If you want to invoke boost phase via directed energy currently, please consider restricting yourself to posting in bad science fiction blogs.

    • John Schilling (History)

      I haven’t seen any details on exactly where the current pair of Musudan TELs are parked, but if “coastal launch site” is reasonably close to literal, I think we’d want to add Aegis/SM2 to the list. SM3, which is what we most often think of in terms of sea-based intercepts, is explicitly not a boost-phase system. SM2 is designed to engage fast, maneuvering aircraft as well as missiles, so it ought to be able to engage an IRBM early in boost phase when its trajectory is similar to that of a fast jet in a zoom climb.

      So, if the launch site isn’t too far inland, it should be possible for an Aegis cruiser or destroyer parked just outside Korea’s territorial waters to shoot down a Musudan on the way up. Kinematic details are left as an exercise for the student.

      This avoids all the problems of having to maintain permanent CAP over North Korea, but it would practically invite a Gulf-of-Tonkin style “misunderstanding” when the Norks start objecting to an American warship parked close to a sensitive segment of their coast.

    • j_kies (History)

      I am of the opinion that SM2/SM6 sorts of things likely don’t close the loop for the necessary stand-off and sensing/FC limitations. I would expect that if such capability existed, they would have already demonstrated it (choose a rationale) using a ballasted target to emulate the range/altitude time profile. As a corollary to the mythical nature of untested long range missiles, untested intercept scenarios are also inherently non-credible.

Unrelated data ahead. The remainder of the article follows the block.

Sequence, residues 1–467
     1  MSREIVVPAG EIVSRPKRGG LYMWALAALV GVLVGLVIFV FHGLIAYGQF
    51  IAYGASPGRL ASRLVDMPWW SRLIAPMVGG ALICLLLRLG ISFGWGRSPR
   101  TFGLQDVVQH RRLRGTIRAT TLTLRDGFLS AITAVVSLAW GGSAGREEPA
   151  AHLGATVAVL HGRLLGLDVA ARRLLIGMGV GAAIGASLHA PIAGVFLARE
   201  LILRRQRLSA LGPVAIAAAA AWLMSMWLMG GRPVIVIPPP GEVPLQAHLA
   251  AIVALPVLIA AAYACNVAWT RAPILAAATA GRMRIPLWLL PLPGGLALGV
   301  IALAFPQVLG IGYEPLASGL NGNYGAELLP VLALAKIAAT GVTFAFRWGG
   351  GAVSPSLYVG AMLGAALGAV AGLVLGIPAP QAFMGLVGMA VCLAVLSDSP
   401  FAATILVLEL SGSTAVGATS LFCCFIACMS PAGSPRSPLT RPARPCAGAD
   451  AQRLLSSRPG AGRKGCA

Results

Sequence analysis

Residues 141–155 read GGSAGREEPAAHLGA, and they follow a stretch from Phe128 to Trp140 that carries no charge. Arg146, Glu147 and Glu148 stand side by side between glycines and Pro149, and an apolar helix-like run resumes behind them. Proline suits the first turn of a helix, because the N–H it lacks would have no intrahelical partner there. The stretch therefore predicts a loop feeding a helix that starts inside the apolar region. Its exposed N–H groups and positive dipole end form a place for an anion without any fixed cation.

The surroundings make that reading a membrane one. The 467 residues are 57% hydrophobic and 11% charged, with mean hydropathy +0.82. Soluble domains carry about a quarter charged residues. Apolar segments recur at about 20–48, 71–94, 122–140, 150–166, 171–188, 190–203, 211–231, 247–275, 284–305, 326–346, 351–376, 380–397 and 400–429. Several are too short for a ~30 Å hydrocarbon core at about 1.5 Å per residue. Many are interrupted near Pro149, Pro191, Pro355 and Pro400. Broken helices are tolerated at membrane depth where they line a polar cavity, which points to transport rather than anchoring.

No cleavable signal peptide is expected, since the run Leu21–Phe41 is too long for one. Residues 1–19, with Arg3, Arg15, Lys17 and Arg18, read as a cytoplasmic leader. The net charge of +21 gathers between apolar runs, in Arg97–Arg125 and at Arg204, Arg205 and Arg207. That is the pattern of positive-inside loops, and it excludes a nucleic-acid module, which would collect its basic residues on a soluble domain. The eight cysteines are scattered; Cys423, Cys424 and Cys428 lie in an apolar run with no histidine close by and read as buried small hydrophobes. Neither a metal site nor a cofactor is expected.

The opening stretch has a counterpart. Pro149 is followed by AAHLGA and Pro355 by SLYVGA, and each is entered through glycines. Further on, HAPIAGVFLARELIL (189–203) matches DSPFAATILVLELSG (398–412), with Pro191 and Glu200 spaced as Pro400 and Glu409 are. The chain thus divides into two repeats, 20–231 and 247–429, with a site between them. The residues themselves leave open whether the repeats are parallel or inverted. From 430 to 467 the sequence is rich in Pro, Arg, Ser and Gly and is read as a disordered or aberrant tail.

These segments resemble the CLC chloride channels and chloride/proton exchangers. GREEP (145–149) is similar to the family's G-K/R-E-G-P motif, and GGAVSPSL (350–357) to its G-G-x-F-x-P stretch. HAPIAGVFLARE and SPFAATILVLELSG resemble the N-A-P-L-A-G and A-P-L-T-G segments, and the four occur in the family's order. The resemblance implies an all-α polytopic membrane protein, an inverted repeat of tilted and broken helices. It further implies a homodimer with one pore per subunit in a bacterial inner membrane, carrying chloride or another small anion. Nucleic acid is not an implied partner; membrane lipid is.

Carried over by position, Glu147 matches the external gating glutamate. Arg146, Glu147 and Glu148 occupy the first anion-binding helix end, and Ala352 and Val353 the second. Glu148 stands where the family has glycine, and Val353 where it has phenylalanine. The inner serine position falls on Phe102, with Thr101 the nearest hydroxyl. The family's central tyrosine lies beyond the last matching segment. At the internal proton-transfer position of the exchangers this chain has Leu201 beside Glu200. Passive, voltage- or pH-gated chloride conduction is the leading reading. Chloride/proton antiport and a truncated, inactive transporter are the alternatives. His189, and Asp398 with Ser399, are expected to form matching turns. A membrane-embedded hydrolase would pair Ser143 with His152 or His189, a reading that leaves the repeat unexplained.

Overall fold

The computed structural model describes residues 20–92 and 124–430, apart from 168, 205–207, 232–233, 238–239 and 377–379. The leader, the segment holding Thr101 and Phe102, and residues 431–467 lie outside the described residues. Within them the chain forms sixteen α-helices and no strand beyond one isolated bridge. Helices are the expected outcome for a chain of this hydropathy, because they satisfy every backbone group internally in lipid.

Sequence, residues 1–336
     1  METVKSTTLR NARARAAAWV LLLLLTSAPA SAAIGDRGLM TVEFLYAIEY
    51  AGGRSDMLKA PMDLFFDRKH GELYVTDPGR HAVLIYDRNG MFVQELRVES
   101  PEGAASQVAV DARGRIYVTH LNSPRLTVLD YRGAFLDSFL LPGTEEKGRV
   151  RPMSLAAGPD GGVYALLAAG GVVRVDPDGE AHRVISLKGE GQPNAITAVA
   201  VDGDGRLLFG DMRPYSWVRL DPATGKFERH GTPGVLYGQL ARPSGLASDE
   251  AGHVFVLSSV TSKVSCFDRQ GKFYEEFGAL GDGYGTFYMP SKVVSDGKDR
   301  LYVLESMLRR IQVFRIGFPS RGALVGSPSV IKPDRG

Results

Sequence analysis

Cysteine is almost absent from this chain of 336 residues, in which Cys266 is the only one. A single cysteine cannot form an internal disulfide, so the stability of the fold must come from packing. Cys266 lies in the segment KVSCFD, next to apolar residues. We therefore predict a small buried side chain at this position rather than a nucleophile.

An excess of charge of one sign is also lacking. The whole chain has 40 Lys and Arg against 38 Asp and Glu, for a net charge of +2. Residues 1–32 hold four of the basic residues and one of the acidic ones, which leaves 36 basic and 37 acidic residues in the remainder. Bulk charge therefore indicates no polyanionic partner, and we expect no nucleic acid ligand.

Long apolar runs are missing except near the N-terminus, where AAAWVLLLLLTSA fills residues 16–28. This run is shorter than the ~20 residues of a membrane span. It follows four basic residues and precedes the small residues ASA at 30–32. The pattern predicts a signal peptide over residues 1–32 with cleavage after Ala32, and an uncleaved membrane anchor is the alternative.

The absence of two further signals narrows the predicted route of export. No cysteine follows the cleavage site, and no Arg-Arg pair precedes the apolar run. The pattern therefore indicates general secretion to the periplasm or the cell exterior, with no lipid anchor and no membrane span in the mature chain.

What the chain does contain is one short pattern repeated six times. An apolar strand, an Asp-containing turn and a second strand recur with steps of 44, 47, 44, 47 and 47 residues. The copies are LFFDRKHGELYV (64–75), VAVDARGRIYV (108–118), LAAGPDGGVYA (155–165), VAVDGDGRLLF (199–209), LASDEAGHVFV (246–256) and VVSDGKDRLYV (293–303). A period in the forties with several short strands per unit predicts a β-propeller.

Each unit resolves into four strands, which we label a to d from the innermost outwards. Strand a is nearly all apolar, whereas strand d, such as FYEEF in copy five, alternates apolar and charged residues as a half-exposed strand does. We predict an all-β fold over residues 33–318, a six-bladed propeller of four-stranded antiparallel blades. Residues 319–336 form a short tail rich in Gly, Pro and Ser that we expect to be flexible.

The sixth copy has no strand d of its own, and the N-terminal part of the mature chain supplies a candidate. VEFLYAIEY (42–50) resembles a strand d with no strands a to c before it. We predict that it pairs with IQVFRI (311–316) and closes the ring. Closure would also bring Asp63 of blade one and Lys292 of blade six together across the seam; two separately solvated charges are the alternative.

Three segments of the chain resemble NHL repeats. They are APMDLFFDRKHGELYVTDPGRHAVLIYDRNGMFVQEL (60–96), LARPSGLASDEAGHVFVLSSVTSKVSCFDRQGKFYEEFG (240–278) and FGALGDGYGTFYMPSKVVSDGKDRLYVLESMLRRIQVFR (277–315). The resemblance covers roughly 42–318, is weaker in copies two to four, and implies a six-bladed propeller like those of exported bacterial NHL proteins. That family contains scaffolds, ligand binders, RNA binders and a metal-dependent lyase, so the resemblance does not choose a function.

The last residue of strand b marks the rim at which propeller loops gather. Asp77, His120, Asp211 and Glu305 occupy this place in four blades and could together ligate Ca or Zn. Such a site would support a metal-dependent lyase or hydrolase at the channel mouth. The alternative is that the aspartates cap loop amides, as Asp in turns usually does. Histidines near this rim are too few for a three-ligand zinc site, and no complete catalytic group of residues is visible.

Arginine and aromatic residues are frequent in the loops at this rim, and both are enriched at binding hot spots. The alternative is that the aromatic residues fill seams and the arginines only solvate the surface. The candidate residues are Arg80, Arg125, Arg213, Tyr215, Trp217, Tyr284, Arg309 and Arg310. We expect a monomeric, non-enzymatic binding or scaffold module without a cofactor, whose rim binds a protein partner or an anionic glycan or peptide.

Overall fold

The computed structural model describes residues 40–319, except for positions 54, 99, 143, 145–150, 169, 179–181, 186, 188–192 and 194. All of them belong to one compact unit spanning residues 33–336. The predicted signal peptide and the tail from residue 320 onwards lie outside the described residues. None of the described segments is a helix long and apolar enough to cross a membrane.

You might wish to consider the problem when the aircraft starts at say 50Kft flying ‘toward-ish’ the missile launch; the physics is easy, consider timeline for the missile to match the aircraft altitude, the resulting coverage for aircraft starting points is small.

  8. Rob Goldston (History)

    It seems to me that another option to consider is taking out the missiles before they are launched. I would imagine that this would be legal, since North Korea has negated the cease-fire and threatened the U.S. and its allies with thermonuclear annihilation. It might also avoid the embarrassment (and worse) of missing a missile (headed to Tokyo?) with our interceptors. On the other hand, can we find the launchers? And, of course, would this start KW-II?

    • Anon2 (History)

      Rob Goldston and J Kies,

      Taking out the missiles on the TELs would certainly be more reliable and also safer for the aircrews than launching an AMRAAM or trying to use the F-16 to Dogfight the missile with the cannon. Otherwise, the F-16/F-15/F-22 needs to orbit for hours just outside the North Korean SAM/AAA range (presumably outside of NK airspace), waiting to sprint and run in to the target at “just the right time”. If the standoff range is say 20 miles it is doubtful that the fighter could get to within the envelope of the AMRAAM to hit the NK missile during its accelerating boost phase (which is undoubtedly starting a at a few G’s) so as to chase down the Musudan. (Which I misspelled in my earlier post.)